Consolidation is key
From the December 2023 print edition
The world of supply chain is filled with acronyms. MRO stands for ‘maintenance, repair and operations,’ or as I like to call it, ‘miscellaneous is rarely optimized.’
And the world of MRO is a daily challenge of finding the right balance between fiscal prudence and operational efficiency. It’s important to identify the underlying gaps and pain points specific to your company before you can easily implement the solutions I’m offering.
Spend amounts are tracked by budget code. Purchases are delegated to the end user departments. Negotiated contracts don’t cover everything that the departments need as the list of items needs a refresh to account for actual usage patterns. Items that are ordered from different suppliers will have a different part number and description. Category codes are not in use, or they are not widely used and with poor accuracy and standardization. Staff often lack the technical skills that are needed to do a proper analysis and the MRO spend amount doesn’t seem to justify time spent on reporting.
You know you have a problem when you hear “I can’t wait, I need it right now.” Instead of determining what is needed ahead, it is easier to simply go to the local store and pick up what you need. The comments I have heard is that it is “cheaper” or “more convenient.” We often overlook the time spent going from the job location and back, and the costs associated with the transaction.
Please note that not all the issues outlined above apply to every review that I have done recently. My observations may be enough so that you might think and start to wonder how many are applicable to your organization.
The analysis and business case for change is difficult, as organizations have difficulty using category management effectively throughout their various departments. The first step is to determine if the exercise is worth doing.
It will depend on what is bought, how often, the quantity, and your stocking methodology. I would suggest that you consider doing a review if the annual spend or the inventory is greater than $100,000.
When looking at inventory, you will go from either having too much (dead stock or slow moving) or not enough (just in time) or just ran out (JRO). To stabilize your inventory on hand, you will need to review the usage over a long period of time and consider getting rid of some excess stock.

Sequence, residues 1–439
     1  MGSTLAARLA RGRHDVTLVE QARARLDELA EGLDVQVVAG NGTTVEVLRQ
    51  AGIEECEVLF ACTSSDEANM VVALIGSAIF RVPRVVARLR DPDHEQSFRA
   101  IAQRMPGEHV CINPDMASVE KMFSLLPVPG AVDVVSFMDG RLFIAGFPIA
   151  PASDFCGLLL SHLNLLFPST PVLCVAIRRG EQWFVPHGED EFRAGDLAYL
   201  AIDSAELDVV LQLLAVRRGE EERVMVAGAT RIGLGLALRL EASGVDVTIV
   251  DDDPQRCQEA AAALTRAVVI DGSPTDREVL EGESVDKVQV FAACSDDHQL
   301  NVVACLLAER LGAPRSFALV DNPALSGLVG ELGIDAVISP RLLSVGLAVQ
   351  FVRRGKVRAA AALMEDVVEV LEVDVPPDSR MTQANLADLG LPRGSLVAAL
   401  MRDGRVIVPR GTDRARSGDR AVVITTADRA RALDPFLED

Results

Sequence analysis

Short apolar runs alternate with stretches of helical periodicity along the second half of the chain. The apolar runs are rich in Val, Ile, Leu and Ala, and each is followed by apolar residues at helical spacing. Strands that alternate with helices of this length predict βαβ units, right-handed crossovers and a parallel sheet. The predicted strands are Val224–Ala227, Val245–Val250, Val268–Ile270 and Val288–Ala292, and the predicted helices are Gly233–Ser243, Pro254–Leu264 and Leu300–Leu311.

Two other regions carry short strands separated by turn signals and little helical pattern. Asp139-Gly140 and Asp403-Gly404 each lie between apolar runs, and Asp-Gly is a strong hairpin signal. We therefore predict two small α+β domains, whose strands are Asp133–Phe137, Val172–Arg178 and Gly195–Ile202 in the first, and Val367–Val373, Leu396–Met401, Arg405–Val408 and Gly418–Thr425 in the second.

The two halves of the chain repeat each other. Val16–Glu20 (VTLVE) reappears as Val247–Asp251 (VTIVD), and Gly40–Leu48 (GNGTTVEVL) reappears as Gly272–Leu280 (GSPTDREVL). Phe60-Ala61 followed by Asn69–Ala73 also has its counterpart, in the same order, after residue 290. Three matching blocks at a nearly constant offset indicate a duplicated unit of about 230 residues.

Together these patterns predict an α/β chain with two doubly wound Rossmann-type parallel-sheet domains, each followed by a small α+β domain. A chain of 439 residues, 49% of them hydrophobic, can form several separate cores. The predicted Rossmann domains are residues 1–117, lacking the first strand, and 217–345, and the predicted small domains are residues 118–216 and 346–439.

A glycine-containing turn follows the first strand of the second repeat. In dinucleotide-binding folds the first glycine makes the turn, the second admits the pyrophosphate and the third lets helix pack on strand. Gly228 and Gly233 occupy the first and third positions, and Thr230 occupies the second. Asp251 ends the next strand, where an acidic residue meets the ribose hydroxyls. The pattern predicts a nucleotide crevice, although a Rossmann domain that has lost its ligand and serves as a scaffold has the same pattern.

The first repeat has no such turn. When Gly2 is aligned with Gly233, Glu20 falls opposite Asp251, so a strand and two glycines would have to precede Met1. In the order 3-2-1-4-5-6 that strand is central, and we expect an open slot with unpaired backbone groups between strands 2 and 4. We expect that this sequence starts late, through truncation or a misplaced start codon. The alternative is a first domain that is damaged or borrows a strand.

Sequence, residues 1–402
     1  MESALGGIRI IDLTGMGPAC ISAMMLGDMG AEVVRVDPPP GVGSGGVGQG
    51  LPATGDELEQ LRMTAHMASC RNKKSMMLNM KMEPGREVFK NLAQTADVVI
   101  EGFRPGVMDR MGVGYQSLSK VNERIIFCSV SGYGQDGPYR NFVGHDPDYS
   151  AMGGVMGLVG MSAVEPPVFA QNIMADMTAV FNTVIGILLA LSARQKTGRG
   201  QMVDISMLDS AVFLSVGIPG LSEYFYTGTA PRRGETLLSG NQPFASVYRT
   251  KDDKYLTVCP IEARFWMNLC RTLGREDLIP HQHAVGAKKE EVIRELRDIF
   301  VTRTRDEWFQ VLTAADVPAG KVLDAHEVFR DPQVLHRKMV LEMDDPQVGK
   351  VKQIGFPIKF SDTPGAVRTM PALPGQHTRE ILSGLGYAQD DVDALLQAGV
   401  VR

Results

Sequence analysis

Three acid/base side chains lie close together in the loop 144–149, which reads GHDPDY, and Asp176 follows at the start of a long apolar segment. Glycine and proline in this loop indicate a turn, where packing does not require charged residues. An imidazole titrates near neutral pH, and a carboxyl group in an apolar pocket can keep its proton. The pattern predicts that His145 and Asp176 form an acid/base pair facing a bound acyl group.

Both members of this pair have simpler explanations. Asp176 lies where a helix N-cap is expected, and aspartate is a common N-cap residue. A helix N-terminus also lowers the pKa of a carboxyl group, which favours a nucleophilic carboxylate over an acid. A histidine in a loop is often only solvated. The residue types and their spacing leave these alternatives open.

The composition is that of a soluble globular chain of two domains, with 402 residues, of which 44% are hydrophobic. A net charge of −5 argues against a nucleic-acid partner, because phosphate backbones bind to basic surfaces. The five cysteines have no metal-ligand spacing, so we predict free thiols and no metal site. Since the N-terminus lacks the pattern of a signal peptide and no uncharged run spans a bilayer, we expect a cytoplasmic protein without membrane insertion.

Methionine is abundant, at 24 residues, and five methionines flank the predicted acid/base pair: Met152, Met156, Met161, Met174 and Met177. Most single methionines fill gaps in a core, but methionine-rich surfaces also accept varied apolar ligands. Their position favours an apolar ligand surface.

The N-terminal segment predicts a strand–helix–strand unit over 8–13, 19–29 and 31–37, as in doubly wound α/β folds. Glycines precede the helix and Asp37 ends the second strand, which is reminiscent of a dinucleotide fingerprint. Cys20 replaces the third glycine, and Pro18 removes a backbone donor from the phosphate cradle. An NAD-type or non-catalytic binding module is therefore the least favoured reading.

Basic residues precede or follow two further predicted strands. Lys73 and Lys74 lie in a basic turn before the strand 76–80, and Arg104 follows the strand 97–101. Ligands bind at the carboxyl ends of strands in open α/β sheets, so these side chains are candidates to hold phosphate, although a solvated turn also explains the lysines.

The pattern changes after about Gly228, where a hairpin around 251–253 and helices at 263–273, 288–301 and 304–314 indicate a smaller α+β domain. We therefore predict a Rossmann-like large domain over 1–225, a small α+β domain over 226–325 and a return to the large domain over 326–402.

The reality is, one person’s junk is often another person’s treasure. Reach out to an online auction house to determine if what you have is a candidate for disposal. This is much easier than trying to do a live auction and you might be surprised by how much money you can get for something you consider scrap. You could approach your existing suppliers to determine if they are willing to buy back or provide you with a credit for items that you will not use and where the supplier can still sell the product to their other customers at a discount.
It’s a winning scenario for both sides. Consider that if you have $200,000 in inventory then it is likely that $40,000 of this amount could be obsolete. Getting rid of these items would allow the organization to use the money for other purchases. Even if it takes 10 hours to complete the task from start to finish, the return on investment would be almost 1,000 per cent.
There is an age-old adage that you can only improve what you can measure. Over the last two years, I have had completed a number of in-depth reviews of MRO spending. MRO is often miscellaneous, which means there are more items in this category than any other. In some cases, an organization may have over 20,000 stock keeping units (SKU). Normally, I see about seven to 10 different suppliers that could be subject to consolidation. Keep in mind that if one supplier has 90 per cent of the business then it isn’t likely that your organization needs to consolidate. If there are seven suppliers and no one has more than 25 per cent of the business, then your organization should consider consolidation.
I recommend that you start with an export of your data and at a high level to determine which of the many suppliers sell MRO items. Savings are possible as MRO purchases are often not fully scrutinized. In fact, when I did my analysis, I found that savings were possible with the right supplier. Remember that MRO items often have a low purchase price and are not consumed in large quantities. When I look back on all the reviews that I have done, I have noticed a specific trend: daily deliveries across many suppliers.
If this happens in your operation, there is a good chance that supplier consolidation is possible.
Supplier consolidation allows your company to reduce the number of suppliers used for MRO items, which reduces associated costs such as product sourcing and selecting, purchase orders prepared and issued, and receiving transactions. In addition, by leveraging additional usage volume, additional price reductions could be achieved.
Marty Luciw, who works for Grainger, shared that companies should be able to average a 12-15 per cent cost savings when they consolidate. This target is realistic if you have never done this type of exercise. Additionally, with the right service levels established you can ensure that you get next-day service. The feedback that I got from Marty is that online ordering is the way to go and its use ensures that about 97 per cent of the customers have the stock the next day.
In conclusion, MRO review and supplier consolidation isn’t just a cost-cutting measure; it creates efficiencies which lead to other types of savings. The biggest impacts when you embrace consolidation are that your company is spared the headache, and your MRO operations hit all the right targets.